As many people continue to stock their homes with necessities during the coronavirus pandemic, some are also starting to prepare for hurricane season.
This week is National Hurricane Preparedness week, during which localities and national organizations warn residents to prepare for the natural disasters that could occur during hurricane season.
Hurricane season begins in June and runs until November.
According to the National Weather Service, each day this week has a theme directed to help prepare people.
Sunday encouraged residents to determine their local risk. This means looking at how hurricanes can impact certain areas depending on where an individual lives and it’s important to understand the hurricane history of the locality in which they reside.
Hurricane history can be tracked for particular areas on the NWS website.
Monday encouraged residents to develop an evacuation plan.
The Virginia Department of Emergency Management has divided the roughly 1.25 million Virginians who live on the coast into several evacuation zones, A through D. While parts of the Southside, such as Norfolk, are included in evacuation zones, most of James City County, York County and Williamsburg are not.
However, there are some neighborhoods in those localities that are included in evacuation zones so it’s important for resiidents to check the VDEM evacuation map based on their specific residence.
Tuesday asks residents to assemble disaster supplies. This means making a list of items to replenish a hurricane supply kit and begin to assemble those supplies early. A kit should include items such as food and water, medicine, batteries and radio chargers, gas and cash. Food non-perishable items and enough in quantity to last three days. Other items include:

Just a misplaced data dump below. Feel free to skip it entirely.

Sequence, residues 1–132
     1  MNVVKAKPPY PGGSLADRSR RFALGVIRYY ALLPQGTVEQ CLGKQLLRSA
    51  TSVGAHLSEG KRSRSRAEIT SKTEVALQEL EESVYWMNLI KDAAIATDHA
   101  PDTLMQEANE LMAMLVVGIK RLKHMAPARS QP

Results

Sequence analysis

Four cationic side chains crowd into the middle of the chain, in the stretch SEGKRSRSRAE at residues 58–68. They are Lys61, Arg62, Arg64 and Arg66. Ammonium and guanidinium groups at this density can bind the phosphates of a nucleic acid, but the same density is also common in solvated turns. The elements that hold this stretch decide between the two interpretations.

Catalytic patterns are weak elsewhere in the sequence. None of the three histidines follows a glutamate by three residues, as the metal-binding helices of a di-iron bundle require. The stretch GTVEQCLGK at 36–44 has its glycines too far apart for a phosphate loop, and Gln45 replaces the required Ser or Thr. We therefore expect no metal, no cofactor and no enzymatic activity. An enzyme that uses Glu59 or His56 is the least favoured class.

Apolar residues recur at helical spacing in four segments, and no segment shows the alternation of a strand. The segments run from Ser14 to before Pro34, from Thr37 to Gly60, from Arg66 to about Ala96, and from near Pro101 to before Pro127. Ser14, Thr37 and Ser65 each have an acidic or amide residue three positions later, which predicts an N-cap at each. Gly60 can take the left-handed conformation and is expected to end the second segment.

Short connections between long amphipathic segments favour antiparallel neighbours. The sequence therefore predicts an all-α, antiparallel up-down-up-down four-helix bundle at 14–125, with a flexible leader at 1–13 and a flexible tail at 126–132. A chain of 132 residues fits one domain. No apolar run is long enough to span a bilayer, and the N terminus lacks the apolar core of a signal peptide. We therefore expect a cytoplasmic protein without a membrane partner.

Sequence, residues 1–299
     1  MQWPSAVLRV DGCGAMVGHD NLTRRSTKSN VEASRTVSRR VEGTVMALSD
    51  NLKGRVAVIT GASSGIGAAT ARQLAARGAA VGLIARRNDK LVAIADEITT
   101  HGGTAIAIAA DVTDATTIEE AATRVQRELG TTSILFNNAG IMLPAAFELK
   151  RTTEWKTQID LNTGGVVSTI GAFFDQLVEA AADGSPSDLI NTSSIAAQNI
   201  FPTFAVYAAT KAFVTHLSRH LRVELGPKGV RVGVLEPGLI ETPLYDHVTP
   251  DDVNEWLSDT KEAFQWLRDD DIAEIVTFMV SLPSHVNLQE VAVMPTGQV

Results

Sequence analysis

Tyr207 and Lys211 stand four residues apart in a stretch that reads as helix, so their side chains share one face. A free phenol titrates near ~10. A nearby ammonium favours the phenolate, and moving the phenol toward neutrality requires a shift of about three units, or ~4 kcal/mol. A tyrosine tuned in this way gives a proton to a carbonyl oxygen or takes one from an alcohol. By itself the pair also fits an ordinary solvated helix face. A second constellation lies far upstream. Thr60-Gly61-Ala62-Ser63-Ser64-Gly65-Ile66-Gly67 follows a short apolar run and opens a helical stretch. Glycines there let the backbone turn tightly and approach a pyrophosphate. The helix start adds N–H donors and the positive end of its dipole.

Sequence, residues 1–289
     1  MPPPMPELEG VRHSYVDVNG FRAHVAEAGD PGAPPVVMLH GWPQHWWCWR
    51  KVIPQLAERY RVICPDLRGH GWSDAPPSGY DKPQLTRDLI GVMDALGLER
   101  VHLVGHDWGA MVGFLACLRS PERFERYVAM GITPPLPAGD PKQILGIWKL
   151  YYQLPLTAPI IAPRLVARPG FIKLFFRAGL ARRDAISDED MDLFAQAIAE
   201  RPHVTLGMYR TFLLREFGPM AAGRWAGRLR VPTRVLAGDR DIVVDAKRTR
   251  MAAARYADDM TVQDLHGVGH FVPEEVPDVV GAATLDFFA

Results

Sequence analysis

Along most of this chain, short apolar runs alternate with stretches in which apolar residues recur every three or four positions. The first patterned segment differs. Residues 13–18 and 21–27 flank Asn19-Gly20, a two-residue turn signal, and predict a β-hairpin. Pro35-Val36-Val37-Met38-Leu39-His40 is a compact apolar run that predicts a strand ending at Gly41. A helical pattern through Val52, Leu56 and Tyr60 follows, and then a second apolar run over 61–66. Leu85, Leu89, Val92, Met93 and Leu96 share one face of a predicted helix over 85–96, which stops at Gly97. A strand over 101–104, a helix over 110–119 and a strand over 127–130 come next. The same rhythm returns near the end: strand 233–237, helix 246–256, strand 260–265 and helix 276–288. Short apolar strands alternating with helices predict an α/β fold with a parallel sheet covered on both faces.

- First aid kit
- Whistle to signal for help
- Dust mask to help filter contaminated air and plastic sheeting and duct tape to shelter-in-place
- Moist towelettes, garbage bags and plastic ties for personal sanitation
- Wrench or pliers to turn off utilities
- Manual can opener for food
- Local maps
- Cellphone with chargers and a backup battery
On Wednesday, the Weather Service asks residents to look into their flood insurance. Flood insurance has to be purchased separately, according to NWS, so residents should look into buying the insurance well before hurricane season hits because it can take about a month to kick in.
During an interview in 2019, Sara Ruch, deputy emergency manager for James City County, suggested residents also take this time to look at their insurance information to make sure people fully understand it. She said it’s a good idea to video or document the home before a hurricane hits so that way there’s a record if something happens.
Thursday encourages residents to take steps to strengthen the structure of their home. This means covering windows, trimming trees, securing loose outdoor items and moving any vehicles to a safe location. It’s also a good idea to be prepared with plywood, steel or aluminum panels to board up the windows and doors. This is especially important for garage doors, which are the most vulnerable part of the home.
The Weather Service asks residents Friday to look at ways they can help their neighbors, especially senior citizens. Those in the community who rely on the assistance of others will need help collecting supplies before the storm hits. In addition, they might need help if there’s an evacuation so it might be a good idea to adjust evacuation plans to incorporate those nearby who might need assistance.
It’s also important to check-in after a storm passes to make sure neighbors have all the supplies they need and can recover from the hazards associated with hurricanes.
To finish up the week Friday, the Weather Service suggests residents complete a written plan. This means including photo documentation of property, keeping important documents safe for quick access and sharing the plan with others in your home and community. Having a written plan helps people avoid mistakes when faced with an emergency.
FEMA has an online tool available for people to make a written plan that covers all aspects of hurricane preparedness.
For more information on National Hurricane Preparedness Week, visit the National Weather Service online.
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